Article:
By the following month, however, the company moved to Selma, AL, a town of 28,000 people and turn-of-the-century neighborhoods that had not changed much over the years. Selma was notorious for its “Bloody Sunday” during the Deep South’s “Voting Rights Movement” in 1965, when county deputies and state troopers attacked marchers with tear gas and clubs. Selma Mayor Joe Smitherman told the 23 Aug 1967 Var that his “peaceful, law-abiding community” expected no difficulties with the production’s “racially-mixed cast,” because everyone was welcome in Selma and would be “treated fairly within the law.” He took the opportunity to compare Selma—“the safest place to be”—with cities in the North, where “you all are burning up the place up there,” referring to several recent race riots. Smitherman convinced the Selma Chamber of Commerce to embrace the film production because of its economic benefits. He also stressed that the film would be “a publicity advantage” to a town known nationally for its segregationist violence. Furthermore, the Depression-era story had “nothing to do with a civil rights story as such.”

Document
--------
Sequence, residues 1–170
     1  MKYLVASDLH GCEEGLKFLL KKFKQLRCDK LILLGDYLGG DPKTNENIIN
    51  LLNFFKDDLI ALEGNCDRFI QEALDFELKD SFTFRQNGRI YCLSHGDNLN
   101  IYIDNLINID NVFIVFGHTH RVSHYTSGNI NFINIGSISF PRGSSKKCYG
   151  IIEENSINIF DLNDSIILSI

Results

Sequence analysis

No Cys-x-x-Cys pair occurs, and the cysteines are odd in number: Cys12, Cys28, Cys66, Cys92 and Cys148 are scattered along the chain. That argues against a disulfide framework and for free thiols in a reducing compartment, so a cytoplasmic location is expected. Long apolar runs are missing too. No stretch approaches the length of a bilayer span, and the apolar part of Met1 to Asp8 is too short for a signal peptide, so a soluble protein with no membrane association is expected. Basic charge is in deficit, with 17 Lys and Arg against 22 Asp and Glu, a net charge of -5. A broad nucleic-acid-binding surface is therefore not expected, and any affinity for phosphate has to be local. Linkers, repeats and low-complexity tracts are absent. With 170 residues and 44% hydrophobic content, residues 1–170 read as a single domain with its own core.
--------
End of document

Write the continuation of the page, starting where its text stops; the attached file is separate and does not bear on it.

The 29 Aug 1967 DV announced a starting date of 18 Sep 1967, but Joseph Strick held up the production over creative differences and finally walked off. Thomas Ryan later told the 10 Dec 1967 NYT that Strick “wanted a decidedly homosexual interpretation to [Singer’s] love for the Greek. He saw [the movie] very downbeat, depressing. He even wanted the scenes filmed in gray.” Robert Ellis Miller was sent to Selma to replace him. Comic actor Jackie Vernon, presumably hired to portray “Spiros Antonapoulos,” left the film soon afterward.